For its part, Belda stressed that "on the one hand, the Institute promotes protecting translational science, which is a science that needs the State support and support. For example, since the summer of 2018 it has increased its capacity for funding until you reach At the time the general budgets of the State are being discussed for 2022. In these, we practically duplicate our budget and therefore we are going to achieve unknown financing rates throughout history, "said the principal of the Institute.

"At this time oncology has advanced by precision medicine, which represents the individualization of the diagnostic processes and treatment of each of the patients. This has been thanks to the investigation," explained Enriqueta Felip, president of Spanish society of Medical Oncology (SEOM). In recent years, it has been known more what was the molecular basis of each tumor and through genomics, which allows analyzing the genetic profile of tumors, allows them to classify and guide treatments.

This genetic analysis has also allowed designing more specific treatments, designed to interfere with the mechanisms responsible for the malignant genotype. This achieves great therapeutic efficiency with a lower toxicity, such as the one with chemotherapy. "Although this implies a paradigm shift," the President of SEOM said. Both in research and application, because to make personalized medicine are needed biomarkers in real time, very tight in order to treat patients with quality controls.

"We have a very clear goal that is to be able to offer society more effective approaches against cancer with individualized attention as a way to achieve it. This not only applied to treatment, but probably also in prevention and early diagnosis," concluded Felip .

During the second colloquium of the day, Antonio González, head of the Medical Oncology Service of the University of Navarra Clinic (CUN) Madrid; Aleix Prat, head of the Medical Oncology Service of the Hospital Clíric de Barcelona; Luisa María Villar, Head of the Immunology Service of the Ramón and Cajal University Hospital; and Beatriz Pérez, Medical Director of Roche Farma. Together they addressed the challenges of the new clinical research.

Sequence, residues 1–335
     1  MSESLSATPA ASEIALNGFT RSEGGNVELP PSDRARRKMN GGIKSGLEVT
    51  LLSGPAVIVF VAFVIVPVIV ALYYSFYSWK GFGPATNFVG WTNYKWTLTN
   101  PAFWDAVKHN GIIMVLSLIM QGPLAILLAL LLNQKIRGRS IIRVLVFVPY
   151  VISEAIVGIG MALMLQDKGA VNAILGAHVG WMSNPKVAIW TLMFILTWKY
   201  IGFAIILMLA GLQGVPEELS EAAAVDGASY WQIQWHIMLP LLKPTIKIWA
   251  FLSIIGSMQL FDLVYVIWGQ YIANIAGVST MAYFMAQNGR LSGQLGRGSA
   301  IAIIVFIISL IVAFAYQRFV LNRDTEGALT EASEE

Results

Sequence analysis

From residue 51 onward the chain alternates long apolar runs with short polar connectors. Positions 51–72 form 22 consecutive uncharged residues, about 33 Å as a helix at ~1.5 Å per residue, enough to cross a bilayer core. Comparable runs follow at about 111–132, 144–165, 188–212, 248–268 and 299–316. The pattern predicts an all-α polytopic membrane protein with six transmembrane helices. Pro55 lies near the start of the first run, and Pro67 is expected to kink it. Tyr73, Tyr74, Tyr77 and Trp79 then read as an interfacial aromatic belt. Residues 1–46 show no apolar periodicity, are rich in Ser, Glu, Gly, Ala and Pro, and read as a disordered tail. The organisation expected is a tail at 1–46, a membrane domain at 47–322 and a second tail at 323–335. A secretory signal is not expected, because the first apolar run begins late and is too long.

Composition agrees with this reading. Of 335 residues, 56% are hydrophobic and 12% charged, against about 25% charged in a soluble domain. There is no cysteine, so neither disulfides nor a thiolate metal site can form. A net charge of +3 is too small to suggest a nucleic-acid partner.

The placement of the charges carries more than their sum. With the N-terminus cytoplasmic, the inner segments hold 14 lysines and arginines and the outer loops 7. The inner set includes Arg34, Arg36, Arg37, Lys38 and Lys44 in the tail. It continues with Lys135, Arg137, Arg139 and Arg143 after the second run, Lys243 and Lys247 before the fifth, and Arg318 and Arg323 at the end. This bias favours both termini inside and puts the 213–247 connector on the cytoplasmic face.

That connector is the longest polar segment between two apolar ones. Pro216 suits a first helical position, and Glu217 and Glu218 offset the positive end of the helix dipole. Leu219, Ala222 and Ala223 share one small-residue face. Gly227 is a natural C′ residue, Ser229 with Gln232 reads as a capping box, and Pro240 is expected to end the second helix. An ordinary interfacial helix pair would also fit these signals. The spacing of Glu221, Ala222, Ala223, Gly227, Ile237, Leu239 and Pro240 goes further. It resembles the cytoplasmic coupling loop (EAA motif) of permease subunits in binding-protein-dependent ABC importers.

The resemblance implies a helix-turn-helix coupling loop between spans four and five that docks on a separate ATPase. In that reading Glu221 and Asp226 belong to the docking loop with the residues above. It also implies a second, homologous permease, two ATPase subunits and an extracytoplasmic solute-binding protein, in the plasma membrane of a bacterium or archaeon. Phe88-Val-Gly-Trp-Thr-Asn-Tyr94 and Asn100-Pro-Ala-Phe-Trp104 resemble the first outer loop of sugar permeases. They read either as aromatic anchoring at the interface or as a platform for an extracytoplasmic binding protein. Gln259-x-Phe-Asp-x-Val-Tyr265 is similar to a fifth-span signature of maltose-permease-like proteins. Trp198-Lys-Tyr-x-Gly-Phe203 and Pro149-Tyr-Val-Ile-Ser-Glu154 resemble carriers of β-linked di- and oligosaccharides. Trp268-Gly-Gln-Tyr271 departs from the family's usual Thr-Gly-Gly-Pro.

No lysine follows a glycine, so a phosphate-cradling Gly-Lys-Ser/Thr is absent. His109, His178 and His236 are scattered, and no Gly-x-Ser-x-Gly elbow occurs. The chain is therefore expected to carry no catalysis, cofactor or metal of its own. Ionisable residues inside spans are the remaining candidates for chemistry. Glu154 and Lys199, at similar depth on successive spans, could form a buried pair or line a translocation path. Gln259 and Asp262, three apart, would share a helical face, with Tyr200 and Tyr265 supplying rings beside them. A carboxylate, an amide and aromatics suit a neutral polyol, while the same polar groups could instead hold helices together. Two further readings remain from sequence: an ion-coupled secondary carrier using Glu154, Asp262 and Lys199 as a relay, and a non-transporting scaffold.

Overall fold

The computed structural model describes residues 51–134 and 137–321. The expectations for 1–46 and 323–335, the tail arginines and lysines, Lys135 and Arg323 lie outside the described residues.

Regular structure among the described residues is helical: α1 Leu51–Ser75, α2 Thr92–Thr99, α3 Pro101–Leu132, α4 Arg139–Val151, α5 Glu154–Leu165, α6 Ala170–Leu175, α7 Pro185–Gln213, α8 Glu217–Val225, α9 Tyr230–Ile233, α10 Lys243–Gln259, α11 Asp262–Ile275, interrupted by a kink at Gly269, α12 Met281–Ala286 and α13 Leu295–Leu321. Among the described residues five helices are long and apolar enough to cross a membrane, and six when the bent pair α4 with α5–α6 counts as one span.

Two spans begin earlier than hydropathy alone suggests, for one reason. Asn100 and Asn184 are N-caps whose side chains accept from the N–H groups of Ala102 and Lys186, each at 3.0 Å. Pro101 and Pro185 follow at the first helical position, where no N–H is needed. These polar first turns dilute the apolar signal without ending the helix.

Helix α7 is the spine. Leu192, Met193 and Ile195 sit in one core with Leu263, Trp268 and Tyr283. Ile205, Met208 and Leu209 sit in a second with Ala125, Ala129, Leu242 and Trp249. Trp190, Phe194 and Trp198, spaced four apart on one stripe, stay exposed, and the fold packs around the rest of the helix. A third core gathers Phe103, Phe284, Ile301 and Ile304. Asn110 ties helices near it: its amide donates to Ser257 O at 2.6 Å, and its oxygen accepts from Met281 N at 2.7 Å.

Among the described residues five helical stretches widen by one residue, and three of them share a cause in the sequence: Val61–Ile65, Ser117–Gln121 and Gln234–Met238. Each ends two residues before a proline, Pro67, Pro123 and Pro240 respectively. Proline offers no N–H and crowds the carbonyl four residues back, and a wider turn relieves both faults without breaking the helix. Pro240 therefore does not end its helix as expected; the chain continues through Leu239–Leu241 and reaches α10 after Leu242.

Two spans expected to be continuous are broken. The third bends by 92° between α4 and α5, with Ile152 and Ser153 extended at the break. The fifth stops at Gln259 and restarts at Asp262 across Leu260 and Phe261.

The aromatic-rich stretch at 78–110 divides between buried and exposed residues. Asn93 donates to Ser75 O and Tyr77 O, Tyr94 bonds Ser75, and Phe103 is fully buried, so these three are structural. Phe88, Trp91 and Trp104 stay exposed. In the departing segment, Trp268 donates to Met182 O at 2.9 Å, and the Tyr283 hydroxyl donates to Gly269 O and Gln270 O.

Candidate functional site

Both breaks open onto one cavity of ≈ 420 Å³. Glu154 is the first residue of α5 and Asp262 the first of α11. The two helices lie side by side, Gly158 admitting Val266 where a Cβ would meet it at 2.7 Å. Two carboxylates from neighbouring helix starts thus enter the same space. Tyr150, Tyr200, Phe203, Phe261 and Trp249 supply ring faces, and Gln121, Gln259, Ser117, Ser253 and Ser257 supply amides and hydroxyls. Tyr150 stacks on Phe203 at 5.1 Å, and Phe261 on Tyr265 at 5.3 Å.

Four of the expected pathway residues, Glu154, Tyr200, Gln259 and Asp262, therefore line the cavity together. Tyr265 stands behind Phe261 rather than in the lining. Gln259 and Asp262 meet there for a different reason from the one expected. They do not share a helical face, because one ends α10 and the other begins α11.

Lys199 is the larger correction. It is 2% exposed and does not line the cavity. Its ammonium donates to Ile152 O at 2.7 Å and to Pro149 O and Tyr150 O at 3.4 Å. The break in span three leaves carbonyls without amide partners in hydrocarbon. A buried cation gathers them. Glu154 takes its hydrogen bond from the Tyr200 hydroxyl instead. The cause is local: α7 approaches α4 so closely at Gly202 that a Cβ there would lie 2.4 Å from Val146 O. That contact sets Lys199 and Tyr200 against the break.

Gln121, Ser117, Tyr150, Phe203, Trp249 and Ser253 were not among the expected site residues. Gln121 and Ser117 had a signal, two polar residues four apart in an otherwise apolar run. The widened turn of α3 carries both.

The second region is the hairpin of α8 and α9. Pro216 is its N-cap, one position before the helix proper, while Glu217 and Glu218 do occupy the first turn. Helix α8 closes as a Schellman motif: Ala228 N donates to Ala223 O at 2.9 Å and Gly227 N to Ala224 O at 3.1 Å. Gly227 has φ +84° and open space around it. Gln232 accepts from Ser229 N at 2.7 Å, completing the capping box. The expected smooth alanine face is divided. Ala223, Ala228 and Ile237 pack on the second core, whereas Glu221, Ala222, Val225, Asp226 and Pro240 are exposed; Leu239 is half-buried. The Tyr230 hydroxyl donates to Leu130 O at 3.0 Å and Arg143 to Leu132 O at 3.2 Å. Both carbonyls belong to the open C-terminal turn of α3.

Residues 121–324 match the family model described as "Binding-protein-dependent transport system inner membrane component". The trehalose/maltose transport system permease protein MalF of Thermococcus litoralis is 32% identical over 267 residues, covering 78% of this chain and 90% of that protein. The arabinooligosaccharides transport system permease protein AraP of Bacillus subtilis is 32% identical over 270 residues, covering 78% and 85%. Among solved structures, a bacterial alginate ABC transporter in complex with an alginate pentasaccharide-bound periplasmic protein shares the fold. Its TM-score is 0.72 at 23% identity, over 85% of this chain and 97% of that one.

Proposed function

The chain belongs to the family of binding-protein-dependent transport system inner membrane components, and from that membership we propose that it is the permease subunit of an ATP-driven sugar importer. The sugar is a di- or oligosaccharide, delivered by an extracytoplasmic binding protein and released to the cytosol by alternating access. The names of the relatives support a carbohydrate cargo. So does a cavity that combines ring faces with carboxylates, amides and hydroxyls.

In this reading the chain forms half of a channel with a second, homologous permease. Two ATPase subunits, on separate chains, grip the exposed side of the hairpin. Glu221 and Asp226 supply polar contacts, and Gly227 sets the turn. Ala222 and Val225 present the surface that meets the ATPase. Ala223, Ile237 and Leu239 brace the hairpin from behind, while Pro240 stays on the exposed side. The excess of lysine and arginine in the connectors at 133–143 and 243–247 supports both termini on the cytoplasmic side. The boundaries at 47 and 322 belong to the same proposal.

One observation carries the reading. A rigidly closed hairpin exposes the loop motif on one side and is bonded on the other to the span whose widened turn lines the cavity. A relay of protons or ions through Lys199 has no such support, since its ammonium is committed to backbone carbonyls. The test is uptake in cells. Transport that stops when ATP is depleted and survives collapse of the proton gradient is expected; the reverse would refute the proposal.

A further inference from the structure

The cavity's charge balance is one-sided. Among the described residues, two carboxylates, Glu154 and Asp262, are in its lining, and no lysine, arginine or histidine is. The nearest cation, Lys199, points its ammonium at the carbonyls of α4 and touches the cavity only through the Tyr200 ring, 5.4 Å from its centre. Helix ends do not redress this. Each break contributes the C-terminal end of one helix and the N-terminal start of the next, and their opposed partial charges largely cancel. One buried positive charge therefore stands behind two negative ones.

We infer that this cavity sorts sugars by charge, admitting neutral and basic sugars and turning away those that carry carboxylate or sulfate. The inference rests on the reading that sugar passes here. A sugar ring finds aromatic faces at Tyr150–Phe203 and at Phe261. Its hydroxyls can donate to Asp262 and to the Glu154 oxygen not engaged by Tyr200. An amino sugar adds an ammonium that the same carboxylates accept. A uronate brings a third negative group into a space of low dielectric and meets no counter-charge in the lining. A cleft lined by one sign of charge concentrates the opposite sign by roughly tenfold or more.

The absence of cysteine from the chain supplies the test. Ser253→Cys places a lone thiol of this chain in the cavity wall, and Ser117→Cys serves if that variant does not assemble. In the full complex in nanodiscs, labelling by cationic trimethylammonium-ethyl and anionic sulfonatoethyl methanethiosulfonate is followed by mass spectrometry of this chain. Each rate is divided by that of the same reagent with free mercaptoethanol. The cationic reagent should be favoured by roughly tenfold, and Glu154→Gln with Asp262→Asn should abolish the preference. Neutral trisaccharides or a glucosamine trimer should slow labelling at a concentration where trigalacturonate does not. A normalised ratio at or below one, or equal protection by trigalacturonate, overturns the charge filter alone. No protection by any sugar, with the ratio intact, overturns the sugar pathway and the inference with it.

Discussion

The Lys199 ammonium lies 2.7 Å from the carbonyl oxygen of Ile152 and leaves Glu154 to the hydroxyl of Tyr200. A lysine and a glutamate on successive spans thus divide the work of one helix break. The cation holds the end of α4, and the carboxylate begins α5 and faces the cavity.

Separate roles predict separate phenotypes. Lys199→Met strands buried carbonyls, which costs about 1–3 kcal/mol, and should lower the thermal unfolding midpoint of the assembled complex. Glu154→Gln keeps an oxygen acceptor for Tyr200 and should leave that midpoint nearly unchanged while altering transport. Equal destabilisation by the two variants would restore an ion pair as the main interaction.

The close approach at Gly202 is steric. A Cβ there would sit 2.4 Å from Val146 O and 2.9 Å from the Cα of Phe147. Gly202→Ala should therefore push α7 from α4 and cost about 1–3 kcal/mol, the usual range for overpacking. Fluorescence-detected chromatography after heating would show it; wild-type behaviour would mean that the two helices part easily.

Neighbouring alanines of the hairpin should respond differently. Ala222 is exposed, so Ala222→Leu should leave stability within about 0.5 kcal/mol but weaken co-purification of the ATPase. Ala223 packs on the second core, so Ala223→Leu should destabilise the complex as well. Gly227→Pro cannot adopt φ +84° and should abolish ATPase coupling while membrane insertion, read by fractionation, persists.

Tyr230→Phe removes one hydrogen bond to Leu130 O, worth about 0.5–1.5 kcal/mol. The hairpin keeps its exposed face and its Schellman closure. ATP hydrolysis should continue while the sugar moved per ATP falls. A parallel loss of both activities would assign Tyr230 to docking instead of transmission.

Villar insisted on the importance of sharing tools, such as the discovery of biomarkers, and making networks that help to use these resources in clinical practice. During the round table it was pointed out that there is a lot of potential in the data, also supporting themselves in other profiles not only from the health sector, as computer or mathematics, highlighting that there are more and more actors that contribute to the evolution of biomedical research.

During the day it was also discussed from other points of view as that of medication assessment trends and its challenges, with experts such as César Hernández, Head of Human Use Medications of the AEMPS; Felix Lobo, Professor Emeritus of the Carlos III University of Madrid; and Fernando Gutiérrez, Director of Applied Research of the Spanish Society of Hospital Pharmacy (SEFH). In this talk it was concluded that there are problems and not only in relation to the data, but in relation to scientific evidence, with the evidence in which we have to base us to make an economic evaluation. That is, the evaluation only makes sense if we know the effectiveness or effectiveness of a drug or a sanitary technology.

To conclude, during the last round table they shared their experience Fidela Mirón Torrente, Vice President of the Spanish Federation of Rare Diseases (ERDF) and María Gálvez, General Director of the Patient Organizations (POP).

During this last part of the day, the vision of the patients was treated in terms of the future of biomedical investigations. The speakers agreed that research is the future, although in the case of rare or rare diseases have perceived little support on research issues, highlighting that only 5% of rare pathologies have treatment.

They also assured that from patients living with great expectation everything that has to do with new investigations and essays. "I believe that this pandemic is making us see the need and the importance of investigating health, I think science has to be a clear bet and so we have been claiming from patient organizations for a long time. Many more investment is needed and In addition, more structural, that is not at a timely time, "the Vice President of ERDR finishes.

Updated Date: 07 November 2021, 17:04